The Fair Pay Act. What is it?
A law signed by Congress on January 29, 2009, that restored worker protections against pay discrimination. The Lilly Ledbetter Fair Pay Act allows individuals who face pay discrimination to seek rectification under federal anti-discrimination laws. The law clarifies that discrimination based on age, religion, national origin, race, sex and disability will “accrue” every time the employee receives a paycheck that is deemed discriminatory. There has been enormous amount of media focus on the sex/gender portion of the act, however, it applies to all traditional protected categories.
The major provision of the Fair Pay Act prohibits wage discrimination based on sex, race, or national origin among employees for work in “equivalent jobs.” Equivalent jobs are those whose composite of skill, effort, responsibility, and working conditions are equivalent in value, even if the jobs are dissimilar. So, just because an employee has more years in service he or she may still may not be considered as “skilled” as an employee with less years with the company.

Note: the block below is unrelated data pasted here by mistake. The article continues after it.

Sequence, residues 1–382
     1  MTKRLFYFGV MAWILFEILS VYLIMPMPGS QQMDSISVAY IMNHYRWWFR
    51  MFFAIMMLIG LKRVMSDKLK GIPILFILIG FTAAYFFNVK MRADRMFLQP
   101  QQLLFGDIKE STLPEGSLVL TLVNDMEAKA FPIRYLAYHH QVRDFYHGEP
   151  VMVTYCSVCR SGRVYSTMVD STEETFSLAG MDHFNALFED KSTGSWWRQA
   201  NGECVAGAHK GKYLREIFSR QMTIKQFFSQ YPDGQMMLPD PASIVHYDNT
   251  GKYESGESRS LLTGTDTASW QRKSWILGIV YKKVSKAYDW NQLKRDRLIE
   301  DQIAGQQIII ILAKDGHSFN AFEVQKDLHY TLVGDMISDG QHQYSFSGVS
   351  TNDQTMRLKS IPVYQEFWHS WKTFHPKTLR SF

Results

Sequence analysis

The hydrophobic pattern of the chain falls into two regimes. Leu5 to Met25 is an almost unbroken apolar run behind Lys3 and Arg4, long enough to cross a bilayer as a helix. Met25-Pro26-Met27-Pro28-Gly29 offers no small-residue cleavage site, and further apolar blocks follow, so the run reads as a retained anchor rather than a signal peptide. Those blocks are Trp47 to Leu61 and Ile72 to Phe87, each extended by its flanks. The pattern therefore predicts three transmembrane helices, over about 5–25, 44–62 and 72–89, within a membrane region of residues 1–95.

The Act is a natural extension of the 1963 Equal Pay Act, which is limited to sex-based discrimination in the same jobs. For enforcement purposes, the Fair Pay Act allows class action lawsuits to be filed and provides for compensatory and punitive damages.